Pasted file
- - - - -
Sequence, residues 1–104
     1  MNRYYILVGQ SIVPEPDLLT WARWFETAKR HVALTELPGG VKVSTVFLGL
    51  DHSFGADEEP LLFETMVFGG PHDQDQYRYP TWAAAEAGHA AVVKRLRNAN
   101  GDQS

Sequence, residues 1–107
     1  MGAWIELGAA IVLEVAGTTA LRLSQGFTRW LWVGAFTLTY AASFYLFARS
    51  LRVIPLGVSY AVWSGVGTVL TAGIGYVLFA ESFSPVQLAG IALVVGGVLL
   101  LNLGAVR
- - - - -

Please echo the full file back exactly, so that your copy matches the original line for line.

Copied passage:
Sequence, residues 1–104
     1  MNRYYILVGQ SIVPEPDLLT WARWFETAKR HVALTELPGG VKVSTVFLGL
    51  DHSFGADEEP LLFETMVFGG PHDQDQYRYP TWAAAEAGHA AVVKRLRNAN
   101  GDQS

Sequence, residues 1–107
     1  MGAWIELGAA IVLEVAGTTA LRLSQGFTRW LWVGAFTLTY AASFYLFARS
    51  LRVIPLGVSY AVWSGVGTVL TAGIGYVLFA ESFSPVQLAG IALVVGGVLL
   101  LNLGAVR